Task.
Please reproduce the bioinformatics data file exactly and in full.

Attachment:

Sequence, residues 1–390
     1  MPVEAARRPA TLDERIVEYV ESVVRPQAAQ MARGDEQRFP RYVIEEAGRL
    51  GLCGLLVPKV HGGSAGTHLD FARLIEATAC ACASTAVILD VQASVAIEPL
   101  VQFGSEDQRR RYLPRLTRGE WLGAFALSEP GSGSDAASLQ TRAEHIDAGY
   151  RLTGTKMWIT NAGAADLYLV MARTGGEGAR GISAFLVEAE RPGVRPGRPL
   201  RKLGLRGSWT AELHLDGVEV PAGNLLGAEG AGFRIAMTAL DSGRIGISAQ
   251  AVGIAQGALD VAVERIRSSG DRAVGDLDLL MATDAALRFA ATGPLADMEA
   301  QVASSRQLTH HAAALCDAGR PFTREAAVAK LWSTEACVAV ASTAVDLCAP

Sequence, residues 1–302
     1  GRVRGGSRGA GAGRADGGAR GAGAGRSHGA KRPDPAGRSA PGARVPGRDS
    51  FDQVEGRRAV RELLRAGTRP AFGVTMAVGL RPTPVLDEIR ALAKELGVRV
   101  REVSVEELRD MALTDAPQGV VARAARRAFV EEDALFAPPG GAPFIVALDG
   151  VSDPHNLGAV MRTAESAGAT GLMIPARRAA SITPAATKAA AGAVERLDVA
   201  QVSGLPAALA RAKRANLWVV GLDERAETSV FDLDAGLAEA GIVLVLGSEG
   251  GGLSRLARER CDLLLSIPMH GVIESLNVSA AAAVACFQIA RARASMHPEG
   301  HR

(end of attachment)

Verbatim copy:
Sequence, residues 1–390
     1  MPVEAARRPA TLDERIVEYV ESVVRPQAAQ MARGDEQRFP RYVIEEAGRL
    51  GLCGLLVPKV HGGSAGTHLD FARLIEATAC ACASTAVILD VQASVAIEPL
   101  VQFGSEDQRR RYLPRLTRGE WLGAFALSEP GSGSDAASLQ TRAEHIDAGY
   151  RLTGTKMWIT NAGAADLYLV MARTGGEGAR GISAFLVEAE RPGVRPGRPL
   201  RKLGLRGSWT AELHLDGVEV PAGNLLGAEG AGFRIAMTAL DSGRIGISAQ
   251  AVGIAQGALD VAVERIRSSG DRAVGDLDLL MATDAALRFA ATGPLADMEA
   301  QVASSRQLTH HAAALCDAGR PFTREAAVAK LWSTEACVAV ASTAVDLCAP

Sequence, residues 1–302
     1  GRVRGGSRGA GAGRADGGAR GAGAGRSHGA KRPDPAGRSA PGARVPGRDS
    51  FDQVEGRRAV RELLRAGTRP AFGVTMAVGL RPTPVLDEIR ALAKELGVRV
   101  REVSVEELRD MALTDAPQGV VARAARRAFV EEDALFAPPG GAPFIVALDG
   151  VSDPHNLGAV MRTAESAGAT GLMIPARRAA SITPAATKAA AGAVERLDVA
   201  QVSGLPAALA RAKRANLWVV GLDERAETSV FDLDAGLAEA GIVLVLGSEG
   251  GGLSRLARER CDLLLSIPMH GVIESLNVSA AAAVACFQIA RARASMHPEG
   301  HR